Two years ago, I checked over my (two large) suitcases and my childhood bedroom one last time and hopped on a plane for New York City. I’d been here all of once, 10 months earlier, in the middle of a 19-inch snowstorm and had barely left midtown. I knew no one other than distant acquaintances, and didn’t have so much as a job prospect. I’d just gone through a very weird and bad breakup-ironically with a man who lived on Long Island-and was in need of a change and a challenge. As life always goes, I got everything I wanted and then some, along with some things I didn’t along the way.
- What neighborhood you live in determines your friends, and often your social schedule.
Especially if you don’t live in Manhattan, no matter how close to the island you are.
- You will not get a job because you’re looking for it, you’ll get a job because of someone you know.
You may not even get the job because of anything to do with your skill set or resume, either.
- You can be surrounded by millions of other people and still feel very much alone.
This isn’t always a bad thing, though, and you’ll find you have friends there for you when you didn’t even realize it.
- You will forgo closet space for longer than you ever thought possible.
And in some cases, end up living in a room not much bigger than one
- You’ll learn it’s OK to spend time at home to yourself doing nothing while telling your friends you’re too busy to go out.
The couch & TiVo will become your best friend at some point every few months.
- On that note, you’ll suffer from severe FOMO when you see all the things everyone else is doing.
But you’ll realize that you can’t make it to every. single. event. you get invited to. There are so many (really cool) things happening in New York at any given moment, but you’re a human being who needs rest and downtime just like everyone else.
- You’ll go through phases of making and shedding friends.
Usually, these are people who are in their first few months of living in NYC.
- You’ll find yourself preaching about the ways of NYC to friends who’ve not yet hit their first year here.
Because everything really is different after a year. You know when someone tells you they’ve been out of school for a year, like it’s a long time, and you laugh (and feel old)? That’s what it’s like with people who’ve just moved to NYC. Also, don’t ever date these people.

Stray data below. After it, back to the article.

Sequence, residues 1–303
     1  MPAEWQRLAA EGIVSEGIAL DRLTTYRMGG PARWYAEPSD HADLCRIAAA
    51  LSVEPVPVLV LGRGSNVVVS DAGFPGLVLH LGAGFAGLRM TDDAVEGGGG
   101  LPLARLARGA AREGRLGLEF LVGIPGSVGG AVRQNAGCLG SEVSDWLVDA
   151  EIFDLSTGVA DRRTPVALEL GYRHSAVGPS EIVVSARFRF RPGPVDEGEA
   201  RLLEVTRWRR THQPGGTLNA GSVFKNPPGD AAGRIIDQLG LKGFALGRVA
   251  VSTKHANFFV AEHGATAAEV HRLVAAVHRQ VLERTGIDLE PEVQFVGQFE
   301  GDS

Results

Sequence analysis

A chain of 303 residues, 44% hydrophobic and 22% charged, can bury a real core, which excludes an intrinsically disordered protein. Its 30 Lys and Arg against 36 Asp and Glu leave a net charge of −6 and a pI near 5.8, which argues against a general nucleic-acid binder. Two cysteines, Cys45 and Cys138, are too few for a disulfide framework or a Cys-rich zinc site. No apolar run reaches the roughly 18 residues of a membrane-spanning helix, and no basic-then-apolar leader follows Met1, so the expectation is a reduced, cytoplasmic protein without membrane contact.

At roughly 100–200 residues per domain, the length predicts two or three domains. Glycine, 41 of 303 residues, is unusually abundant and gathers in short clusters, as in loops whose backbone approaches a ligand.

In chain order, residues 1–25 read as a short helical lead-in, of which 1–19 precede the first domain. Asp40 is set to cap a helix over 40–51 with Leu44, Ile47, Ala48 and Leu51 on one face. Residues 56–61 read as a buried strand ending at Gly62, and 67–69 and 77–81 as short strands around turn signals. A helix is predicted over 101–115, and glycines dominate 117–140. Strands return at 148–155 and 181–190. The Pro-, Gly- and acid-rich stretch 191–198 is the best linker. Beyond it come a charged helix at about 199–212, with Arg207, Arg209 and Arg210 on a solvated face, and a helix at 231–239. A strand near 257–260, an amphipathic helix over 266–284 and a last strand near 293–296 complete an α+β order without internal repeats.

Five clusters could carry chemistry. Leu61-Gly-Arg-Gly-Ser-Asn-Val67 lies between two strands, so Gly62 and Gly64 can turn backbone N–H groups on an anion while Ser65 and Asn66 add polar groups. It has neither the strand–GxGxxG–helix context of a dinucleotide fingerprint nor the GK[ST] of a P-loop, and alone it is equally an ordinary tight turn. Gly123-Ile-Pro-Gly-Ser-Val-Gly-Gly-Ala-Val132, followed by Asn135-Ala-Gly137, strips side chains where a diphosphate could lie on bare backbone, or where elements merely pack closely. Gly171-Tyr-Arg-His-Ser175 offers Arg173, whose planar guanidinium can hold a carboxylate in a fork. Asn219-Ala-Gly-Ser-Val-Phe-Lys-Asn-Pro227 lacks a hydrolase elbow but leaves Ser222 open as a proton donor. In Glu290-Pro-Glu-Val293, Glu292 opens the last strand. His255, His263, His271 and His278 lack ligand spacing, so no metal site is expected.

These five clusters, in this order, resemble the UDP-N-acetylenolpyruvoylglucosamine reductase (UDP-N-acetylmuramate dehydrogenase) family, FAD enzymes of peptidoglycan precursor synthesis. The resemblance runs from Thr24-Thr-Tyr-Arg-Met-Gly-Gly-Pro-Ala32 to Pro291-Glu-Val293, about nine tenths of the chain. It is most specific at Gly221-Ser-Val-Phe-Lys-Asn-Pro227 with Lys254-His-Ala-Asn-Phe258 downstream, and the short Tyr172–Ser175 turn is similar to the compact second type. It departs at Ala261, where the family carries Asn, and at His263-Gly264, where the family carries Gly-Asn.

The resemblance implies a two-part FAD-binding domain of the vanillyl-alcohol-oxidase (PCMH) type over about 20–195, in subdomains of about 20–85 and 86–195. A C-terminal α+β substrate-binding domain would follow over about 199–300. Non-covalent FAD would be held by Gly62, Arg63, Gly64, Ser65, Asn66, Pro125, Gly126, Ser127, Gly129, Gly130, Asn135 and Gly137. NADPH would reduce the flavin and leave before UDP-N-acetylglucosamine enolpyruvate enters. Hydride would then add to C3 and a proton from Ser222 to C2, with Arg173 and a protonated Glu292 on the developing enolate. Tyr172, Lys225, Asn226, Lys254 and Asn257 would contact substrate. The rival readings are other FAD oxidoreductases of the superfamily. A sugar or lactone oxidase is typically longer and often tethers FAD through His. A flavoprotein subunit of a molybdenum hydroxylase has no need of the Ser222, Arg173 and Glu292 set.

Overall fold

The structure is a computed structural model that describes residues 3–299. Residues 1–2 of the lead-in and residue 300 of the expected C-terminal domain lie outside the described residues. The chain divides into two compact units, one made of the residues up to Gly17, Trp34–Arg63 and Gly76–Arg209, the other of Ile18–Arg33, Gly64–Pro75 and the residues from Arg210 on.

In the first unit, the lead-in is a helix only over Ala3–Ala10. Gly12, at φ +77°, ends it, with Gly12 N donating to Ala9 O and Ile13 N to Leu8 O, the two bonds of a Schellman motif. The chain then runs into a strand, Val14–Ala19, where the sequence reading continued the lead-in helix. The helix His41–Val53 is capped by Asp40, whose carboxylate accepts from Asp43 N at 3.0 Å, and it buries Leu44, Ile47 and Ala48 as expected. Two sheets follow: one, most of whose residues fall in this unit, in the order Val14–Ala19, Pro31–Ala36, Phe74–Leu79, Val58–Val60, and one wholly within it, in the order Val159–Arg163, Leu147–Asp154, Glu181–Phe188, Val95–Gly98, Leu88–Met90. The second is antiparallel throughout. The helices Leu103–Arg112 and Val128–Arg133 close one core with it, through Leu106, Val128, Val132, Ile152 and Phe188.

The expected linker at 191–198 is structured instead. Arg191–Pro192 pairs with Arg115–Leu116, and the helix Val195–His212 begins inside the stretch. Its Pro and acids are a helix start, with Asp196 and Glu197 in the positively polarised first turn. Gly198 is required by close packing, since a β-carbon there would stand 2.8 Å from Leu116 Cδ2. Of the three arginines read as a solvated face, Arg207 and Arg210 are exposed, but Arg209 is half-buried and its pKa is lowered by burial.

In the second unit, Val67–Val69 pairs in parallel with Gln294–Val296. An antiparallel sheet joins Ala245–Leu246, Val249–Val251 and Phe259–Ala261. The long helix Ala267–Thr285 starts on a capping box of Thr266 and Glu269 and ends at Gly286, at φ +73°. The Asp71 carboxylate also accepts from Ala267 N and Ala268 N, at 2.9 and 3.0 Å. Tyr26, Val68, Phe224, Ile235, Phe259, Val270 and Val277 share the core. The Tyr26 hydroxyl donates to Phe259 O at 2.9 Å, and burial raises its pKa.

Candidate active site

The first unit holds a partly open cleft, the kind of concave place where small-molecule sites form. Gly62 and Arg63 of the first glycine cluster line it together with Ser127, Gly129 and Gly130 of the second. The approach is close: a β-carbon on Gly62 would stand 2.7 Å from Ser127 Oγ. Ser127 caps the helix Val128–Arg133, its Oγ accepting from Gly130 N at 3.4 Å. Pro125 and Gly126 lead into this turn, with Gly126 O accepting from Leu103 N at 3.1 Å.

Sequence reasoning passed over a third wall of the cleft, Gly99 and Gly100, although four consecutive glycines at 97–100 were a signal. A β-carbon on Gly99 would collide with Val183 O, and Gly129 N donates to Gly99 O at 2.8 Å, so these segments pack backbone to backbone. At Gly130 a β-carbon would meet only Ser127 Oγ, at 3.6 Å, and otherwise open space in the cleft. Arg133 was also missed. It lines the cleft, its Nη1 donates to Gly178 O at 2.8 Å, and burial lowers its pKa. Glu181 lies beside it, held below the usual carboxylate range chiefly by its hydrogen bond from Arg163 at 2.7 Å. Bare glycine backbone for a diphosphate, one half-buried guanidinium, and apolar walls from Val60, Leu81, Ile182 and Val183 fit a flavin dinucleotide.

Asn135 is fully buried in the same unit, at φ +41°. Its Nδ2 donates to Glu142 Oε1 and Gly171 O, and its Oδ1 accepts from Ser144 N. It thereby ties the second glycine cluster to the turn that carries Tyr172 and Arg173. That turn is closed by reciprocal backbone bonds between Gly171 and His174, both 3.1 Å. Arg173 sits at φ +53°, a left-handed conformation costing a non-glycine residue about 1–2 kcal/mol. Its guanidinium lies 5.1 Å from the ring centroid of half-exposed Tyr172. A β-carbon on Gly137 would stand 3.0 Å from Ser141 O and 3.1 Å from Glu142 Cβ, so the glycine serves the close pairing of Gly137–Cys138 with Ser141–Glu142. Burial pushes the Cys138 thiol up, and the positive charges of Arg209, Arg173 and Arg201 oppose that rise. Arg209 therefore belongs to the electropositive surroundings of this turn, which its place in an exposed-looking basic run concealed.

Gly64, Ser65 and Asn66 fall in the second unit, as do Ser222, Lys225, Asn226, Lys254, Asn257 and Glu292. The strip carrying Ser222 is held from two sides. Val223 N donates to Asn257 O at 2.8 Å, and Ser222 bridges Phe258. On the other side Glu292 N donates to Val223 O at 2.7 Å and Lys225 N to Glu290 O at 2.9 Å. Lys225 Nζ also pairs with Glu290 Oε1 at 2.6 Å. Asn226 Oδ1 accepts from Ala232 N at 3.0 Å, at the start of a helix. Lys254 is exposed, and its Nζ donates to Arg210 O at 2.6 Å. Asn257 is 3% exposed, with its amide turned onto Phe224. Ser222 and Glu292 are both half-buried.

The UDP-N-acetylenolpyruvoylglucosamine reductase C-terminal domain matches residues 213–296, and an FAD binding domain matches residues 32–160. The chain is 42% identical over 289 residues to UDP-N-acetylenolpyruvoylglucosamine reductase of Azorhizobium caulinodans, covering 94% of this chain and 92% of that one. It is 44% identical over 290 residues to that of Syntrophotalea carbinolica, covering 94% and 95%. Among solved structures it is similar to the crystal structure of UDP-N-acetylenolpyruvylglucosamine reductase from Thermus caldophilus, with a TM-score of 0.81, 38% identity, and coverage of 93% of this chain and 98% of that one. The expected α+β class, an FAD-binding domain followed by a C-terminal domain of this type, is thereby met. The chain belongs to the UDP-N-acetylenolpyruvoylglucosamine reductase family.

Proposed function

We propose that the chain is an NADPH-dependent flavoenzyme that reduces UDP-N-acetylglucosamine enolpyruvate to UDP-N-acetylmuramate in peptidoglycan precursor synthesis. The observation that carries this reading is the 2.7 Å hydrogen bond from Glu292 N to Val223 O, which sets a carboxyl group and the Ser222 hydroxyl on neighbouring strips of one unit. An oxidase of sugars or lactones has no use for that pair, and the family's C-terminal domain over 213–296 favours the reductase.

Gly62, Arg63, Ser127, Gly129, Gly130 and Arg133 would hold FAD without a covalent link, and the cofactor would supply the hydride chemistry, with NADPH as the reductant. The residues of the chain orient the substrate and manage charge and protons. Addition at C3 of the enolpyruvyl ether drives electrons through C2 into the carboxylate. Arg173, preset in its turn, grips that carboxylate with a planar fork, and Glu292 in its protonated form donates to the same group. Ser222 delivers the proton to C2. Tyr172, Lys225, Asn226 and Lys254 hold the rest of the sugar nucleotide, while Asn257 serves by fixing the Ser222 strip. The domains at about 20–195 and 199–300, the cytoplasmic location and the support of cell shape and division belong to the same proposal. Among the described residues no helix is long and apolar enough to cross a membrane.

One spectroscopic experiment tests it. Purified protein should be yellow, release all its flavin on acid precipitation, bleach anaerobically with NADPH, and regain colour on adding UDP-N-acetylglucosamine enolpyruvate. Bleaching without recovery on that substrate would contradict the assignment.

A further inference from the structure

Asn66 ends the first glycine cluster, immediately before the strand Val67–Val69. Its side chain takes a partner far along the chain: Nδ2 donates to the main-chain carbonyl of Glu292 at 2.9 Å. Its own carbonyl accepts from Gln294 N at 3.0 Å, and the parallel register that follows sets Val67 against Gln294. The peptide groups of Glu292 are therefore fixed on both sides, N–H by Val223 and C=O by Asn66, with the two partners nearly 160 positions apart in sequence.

- Brunch doesn’t count if you don’t have three different drinks in front of you.
Coffee, Water and something alcoholic.
- Spend time wandering the city alone, and you’ll learn some of its best secrets. You’ll never be able to share all of those with someone else, though-New York is unique for everyone.
- Some days, you will hate the city-but it will hate you back that much harder.
As a good friend of mine puts it, “New York is like the slightly abusive boyfriend that you like to show off.” And when you love New York, she loves you back even more.
- When you go home to visit, everyone will be so impressed by you and the fact that you live here.
You want to tell them the reality is you spend Friday nights on your couch because you’re too tired to go out, and events are considerably less glamourous than they look on television. But you don’t, because you kind of enjoy the aura living in NYC gives you.
- People who walk around looking at their cell phones deserve to be run into. And people who get on the subway before others have a chance to get off should be smacked.
- You will get out of the subway and go the wrong way more often than you’ll admit, no matter how long you have lived here.
- You’ll get excited about nice cab drivers, and wonder why people think it’s surprising when you say “Thank you” and “Have a nice night!”.
Once a Midwesterner, always a Midwesterner.
- You’ll join at least one online dating site and likely vehemently deny you ever have to your friends, but you’ll make a surprising amount of memories and friends because of it. You’ll also have some really bad dates, ranging from overly intense to incredibly weird.
Like ones where he’ll insist on “one more drink, one more drink” until the bar closes-then give you a quick, bad kiss in the middle of the subway station before turning and RUNNING away, never to be encountered again. There will be dates with people just visiting NYC-that will include NYU dorms-and dates with far too many actors. Dates with men who find you intimidating, and with those who think you are boring. If you are me, you’ll have the incredibly terrible bad luck of running into nearly all of these men on public transit or the street at some point. (Yeah, I have some stories...)
- You will finally decide you can afford to join a gym and spend hours selecting one based on amenities and proximity to your work/home life, only to never go and then move jobs/homes.
- You won’t be able to go back home every time you want to, even for holidays.
But you’ll find out that the memories you create with your new family out here are even better, like when you host nearly 20 people in your slightly-larger-than-average apartment for Thanksgiving because they can’t afford to go home then, either (hello, Baby’s Fifth Thanksgiving this year!).
- There will be days when you feel sad, stressed and more overwhelmed than you ever imagined anyone could be.
Luckily, these will be balance out by days where you’ll be in complete and utter awe of the beauty and compassion of this city that you call your home.
- In the end, there’s nowhere else you’d rather live. New York has taught me more about myself in two years than I had learned in my previous 20+.
The first time I flew back to the city after a trip home, I looked down at the skyline as we flew over at sunset and knew that this was my home now. It may not always be my home-who knows where I’ll be in a year, five years, or even ten-but for now, I’m going to enjoy every minute I have in this magical city.